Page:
Queensland’s Beattie Government has thus far seemed guilty only of staggering ineptitude in its administration of Indigenous affairs. However a report from Tony Koch in today’s Australian raises the stakes beyond mere incompetence, suggesting that the Government has deliberately suppressed a report which details the extent of Indigenous disadvantage in Queensland.
The report, prepared last year at the behest of former minister John Mickel, warned of the “urgent need to improve Aboriginal and Torres Strait Islander peoples standard of living” and recommended “immediate and sustained action to reduce the disparity in all life stages”.
However, this damning document never saw the light of day. After racking up another crushing election victory in September of last year, Beattie moved quickly to abolish the Department of Aboriginal and Torres Strait Islander Policy, merging its functions into the Department of Communities.
However, any post-election attempt by the government to downplay issues of Indigenous justice was foiled by saturation media coverage of the Coroner’s inquiry into the death of Mulrunji Doomadgee in police custody on Palm Island in November 2004.
Only weeks after the election, Queensland’s acting state coroner Christine Clements handed down her findings into the death of Mulrunji Doomadgee. which had occurred almost two years earlier. The Coroner concluded that the actions of Senior Sergeant Chris Hurley caused the fatal injuries. Yet, Queensland’s Director of Public Prosecutions Leanne Clare found that Hurley had no charge to answer, describing the death as a “terrible accident”.
The public outrage that followed saw the Beattie Government in damage control, citing the independence of the DPP and attempting to tough things out. With the government bleeding badly, Attorney General Kerry Shine eventually wrote to the DPP advising her that a review of the decision would be “strongly supported” by Premier Beattie. Clare was unmoved, issuing a statement saying that if the case had gone to trial “no law abiding citizen…would have found this man guilty.”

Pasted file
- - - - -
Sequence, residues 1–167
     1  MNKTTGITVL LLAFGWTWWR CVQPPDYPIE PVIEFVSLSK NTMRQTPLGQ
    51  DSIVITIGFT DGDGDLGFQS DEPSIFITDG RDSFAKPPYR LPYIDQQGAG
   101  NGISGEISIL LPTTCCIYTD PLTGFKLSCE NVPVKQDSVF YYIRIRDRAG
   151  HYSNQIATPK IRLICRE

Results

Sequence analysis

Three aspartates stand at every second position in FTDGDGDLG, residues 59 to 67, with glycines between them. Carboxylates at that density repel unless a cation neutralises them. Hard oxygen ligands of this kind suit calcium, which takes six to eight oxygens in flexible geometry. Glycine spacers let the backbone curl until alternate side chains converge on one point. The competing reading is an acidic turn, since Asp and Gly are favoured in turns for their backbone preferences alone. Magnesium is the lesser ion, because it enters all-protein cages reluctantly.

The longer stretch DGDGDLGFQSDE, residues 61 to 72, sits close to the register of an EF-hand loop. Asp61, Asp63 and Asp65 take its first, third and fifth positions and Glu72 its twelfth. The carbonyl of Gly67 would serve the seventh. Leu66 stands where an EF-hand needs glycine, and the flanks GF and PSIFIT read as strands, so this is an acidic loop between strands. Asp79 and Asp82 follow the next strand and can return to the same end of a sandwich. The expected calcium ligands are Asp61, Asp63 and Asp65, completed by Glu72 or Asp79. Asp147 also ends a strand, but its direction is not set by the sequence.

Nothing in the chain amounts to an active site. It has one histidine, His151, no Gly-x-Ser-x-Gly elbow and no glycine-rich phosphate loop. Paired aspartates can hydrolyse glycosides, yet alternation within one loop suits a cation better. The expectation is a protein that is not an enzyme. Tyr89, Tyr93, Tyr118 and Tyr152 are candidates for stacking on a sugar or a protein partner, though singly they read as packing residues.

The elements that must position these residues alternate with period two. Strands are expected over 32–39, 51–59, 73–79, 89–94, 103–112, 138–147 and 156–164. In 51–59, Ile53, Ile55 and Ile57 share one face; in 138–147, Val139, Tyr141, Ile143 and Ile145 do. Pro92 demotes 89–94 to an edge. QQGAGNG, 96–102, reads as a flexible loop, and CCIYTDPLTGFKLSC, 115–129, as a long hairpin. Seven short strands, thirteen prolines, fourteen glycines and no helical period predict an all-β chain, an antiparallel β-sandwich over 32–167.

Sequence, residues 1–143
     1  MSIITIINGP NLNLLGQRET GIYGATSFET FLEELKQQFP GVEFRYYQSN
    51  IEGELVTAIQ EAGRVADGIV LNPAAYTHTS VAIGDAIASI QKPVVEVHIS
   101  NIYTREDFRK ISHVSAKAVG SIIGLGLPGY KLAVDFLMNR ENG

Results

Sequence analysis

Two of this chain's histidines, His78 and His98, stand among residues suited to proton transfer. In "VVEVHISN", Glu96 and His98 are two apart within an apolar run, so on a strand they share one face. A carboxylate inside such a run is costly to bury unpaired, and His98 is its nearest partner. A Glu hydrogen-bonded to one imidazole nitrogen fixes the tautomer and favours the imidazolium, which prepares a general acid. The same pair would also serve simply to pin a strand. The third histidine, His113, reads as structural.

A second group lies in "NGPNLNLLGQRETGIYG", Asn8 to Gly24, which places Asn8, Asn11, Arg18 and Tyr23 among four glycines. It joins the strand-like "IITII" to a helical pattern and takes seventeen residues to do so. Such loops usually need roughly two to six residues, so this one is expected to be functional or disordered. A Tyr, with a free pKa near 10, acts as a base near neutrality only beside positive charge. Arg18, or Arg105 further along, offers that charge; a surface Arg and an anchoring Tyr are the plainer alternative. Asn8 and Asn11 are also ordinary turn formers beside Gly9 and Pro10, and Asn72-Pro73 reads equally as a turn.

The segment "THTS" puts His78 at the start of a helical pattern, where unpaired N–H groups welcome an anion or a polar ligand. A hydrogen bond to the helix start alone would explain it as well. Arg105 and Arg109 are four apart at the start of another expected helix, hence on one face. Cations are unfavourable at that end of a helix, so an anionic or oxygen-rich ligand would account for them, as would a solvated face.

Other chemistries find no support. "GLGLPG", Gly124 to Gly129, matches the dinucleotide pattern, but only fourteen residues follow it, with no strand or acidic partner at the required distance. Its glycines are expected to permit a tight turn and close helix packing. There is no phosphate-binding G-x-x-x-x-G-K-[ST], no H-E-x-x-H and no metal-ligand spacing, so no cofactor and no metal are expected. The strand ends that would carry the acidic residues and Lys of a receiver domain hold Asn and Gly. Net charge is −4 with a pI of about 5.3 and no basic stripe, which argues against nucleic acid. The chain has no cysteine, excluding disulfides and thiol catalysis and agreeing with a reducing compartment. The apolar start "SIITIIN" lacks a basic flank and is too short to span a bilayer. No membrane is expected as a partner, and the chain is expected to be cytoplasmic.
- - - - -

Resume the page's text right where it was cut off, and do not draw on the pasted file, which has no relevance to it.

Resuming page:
The following day, Shine released an extraordinary statement, saying that Clare had made an “unexpected offer” to provide him with the file on the Palm Island death. Retired Queensland District Court judge, Pat Shanahan, was commissioned to conduct the review. However Shanahan stood down just days later when it became public knowledge that he had been part of the panel that appointed Clare as DPP in 2000.
In an effort to rescue the situation, the Beattie Government went beyond Queensland’s borders and appointed distinguished NSW jurist Sir Laurence Street to review the matter.
Street’s report is expected to be completed within weeks.
Then came the news yesterday that 24-year-old Mr Bramwell – who had shared Mulrunji’s cell on the night he died – hanged himself on Palm Island last Monday, amidst allegations that he had been subject to police pressure not to talk about events surrounding Mulrunji’s death. This further tragedy underscores the sorry tale of the Queensland Government’s mishandling of events.
With the ham-fisted bungling of the Shanahan appointment, and the tragic suicide of Bramwell, things have gone pear-shaped for the Beattie Government. The suppressed report obtained by The Oz suggests that the fruit is rotten to the core.
With the Government now haemorrhaging, and Indigenous leaders like Noel Pearson and Warren Mundine continuing to apply the blow-torch, perhaps only a Royal Commission will see public confidence fully restored.